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wither West Papua? « Previous | |Next »
February 8, 2006

Will Canberra put concerns for the bilateral relationship with Jakarta ahead of growing public support for Papuan independence, and do so in the name of support for Indonesia's territorial integrity? That is the issue raised by the 43 Papuan asylum seekers now being processed on Christmas Island. A grant of asylum by Australia would mean that Canberra accepts their claims of repressive persecution.

The history of the relationship between Indonesia and Australia is one of foreign policy elites ignoring public sentiment and appeasing Jakarta over East Timor. Will the same happen with respect to West Papua? In many ways it depends on what Indonesia does. Independence for Papua is out of the question for Indonesia, and Australia does not support Papuan independence. However, Hugh White says that:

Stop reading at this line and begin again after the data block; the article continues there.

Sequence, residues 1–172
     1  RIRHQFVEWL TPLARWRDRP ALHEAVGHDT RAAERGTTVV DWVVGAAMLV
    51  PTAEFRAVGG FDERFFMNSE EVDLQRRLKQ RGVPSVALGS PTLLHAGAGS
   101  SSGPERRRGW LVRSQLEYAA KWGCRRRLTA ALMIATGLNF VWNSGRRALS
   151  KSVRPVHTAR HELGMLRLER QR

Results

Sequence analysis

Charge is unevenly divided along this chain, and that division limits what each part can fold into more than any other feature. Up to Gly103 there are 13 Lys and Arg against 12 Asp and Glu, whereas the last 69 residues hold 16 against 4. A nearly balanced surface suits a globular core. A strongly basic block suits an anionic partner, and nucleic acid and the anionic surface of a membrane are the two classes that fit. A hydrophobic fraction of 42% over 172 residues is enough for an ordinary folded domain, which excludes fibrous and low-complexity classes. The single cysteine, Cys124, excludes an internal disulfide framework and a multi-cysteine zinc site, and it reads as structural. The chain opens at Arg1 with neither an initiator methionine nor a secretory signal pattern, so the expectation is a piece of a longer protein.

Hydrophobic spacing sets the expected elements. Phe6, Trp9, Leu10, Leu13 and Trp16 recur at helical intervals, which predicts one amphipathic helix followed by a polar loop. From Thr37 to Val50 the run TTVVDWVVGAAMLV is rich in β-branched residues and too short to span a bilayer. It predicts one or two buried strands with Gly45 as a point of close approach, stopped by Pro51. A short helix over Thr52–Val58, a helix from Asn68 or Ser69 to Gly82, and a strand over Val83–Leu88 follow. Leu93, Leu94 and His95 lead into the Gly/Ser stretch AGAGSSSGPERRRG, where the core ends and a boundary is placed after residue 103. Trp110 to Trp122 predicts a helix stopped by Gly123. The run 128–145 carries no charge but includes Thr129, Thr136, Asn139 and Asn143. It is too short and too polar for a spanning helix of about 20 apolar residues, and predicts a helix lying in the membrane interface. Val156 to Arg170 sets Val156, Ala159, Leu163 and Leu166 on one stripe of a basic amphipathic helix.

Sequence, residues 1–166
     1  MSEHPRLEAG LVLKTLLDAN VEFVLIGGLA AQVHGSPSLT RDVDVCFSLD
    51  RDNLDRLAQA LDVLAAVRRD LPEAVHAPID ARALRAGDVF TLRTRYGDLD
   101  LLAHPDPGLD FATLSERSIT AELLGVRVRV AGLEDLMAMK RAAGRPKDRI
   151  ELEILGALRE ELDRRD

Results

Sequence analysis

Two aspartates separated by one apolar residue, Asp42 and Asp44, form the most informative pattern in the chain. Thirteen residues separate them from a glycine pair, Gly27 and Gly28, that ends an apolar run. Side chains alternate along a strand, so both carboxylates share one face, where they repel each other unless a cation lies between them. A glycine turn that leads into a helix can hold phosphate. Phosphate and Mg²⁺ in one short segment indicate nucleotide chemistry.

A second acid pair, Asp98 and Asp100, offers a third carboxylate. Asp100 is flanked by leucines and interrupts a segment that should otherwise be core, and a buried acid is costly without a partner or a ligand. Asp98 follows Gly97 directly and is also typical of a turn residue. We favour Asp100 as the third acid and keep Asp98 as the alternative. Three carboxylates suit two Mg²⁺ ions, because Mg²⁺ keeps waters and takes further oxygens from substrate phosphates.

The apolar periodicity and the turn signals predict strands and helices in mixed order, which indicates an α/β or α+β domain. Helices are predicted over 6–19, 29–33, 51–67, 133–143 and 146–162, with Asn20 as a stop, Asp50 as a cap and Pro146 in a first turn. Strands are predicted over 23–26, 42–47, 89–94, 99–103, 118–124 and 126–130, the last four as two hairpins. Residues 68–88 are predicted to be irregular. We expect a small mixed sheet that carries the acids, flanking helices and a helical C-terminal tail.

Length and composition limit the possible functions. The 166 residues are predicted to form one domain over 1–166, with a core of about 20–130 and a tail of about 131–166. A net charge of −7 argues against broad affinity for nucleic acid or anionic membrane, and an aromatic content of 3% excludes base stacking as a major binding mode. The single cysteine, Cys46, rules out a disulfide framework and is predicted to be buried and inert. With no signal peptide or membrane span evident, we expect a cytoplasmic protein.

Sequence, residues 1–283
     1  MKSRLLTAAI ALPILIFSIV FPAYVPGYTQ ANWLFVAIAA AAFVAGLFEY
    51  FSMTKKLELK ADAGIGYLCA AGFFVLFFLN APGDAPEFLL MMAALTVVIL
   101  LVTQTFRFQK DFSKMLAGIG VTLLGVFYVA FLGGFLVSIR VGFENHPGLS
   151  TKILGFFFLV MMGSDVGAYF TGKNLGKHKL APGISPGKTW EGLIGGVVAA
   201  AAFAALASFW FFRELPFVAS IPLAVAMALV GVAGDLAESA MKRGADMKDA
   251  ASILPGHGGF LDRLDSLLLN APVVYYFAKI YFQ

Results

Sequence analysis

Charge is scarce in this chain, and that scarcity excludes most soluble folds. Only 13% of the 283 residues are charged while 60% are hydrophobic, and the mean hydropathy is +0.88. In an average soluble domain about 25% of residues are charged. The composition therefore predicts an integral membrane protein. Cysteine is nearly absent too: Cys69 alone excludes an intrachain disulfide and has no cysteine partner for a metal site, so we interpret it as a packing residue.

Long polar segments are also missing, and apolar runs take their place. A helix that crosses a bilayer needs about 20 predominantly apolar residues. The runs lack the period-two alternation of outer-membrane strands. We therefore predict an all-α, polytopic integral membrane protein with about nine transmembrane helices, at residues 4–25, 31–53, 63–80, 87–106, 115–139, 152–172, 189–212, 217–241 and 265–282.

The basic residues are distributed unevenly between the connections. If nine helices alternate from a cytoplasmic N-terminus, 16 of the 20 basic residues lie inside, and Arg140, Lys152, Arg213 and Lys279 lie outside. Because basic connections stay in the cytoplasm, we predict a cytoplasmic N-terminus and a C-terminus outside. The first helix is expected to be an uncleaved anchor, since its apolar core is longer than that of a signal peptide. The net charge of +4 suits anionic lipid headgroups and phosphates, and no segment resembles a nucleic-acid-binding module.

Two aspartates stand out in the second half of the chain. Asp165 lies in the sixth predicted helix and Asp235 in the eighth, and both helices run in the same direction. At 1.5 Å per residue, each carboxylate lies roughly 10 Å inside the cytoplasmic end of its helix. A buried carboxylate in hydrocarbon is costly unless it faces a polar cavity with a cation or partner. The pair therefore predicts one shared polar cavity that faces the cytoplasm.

In last year's state of the nation address, President Bambang Susilo Yudhoyono listed it as agenda item one in his program, along with the peace agreement in Aceh. He has been prepared to promote a quite far-reaching special autonomy package for Papua. But others in Indonesia are less accommodating, and there is significant evidence that elements of the Indonesian military are repeating some of the repressive tactics that have done so much damage elsewhere.

That kind of autonomy implies a political shift from a unitary state to a federal one, which, presumably, is what the hard line elements in the Indonesian military resist and oppose.


| Posted by Gary Sauer-Thompson at 12:10 PM | | Comments (0)
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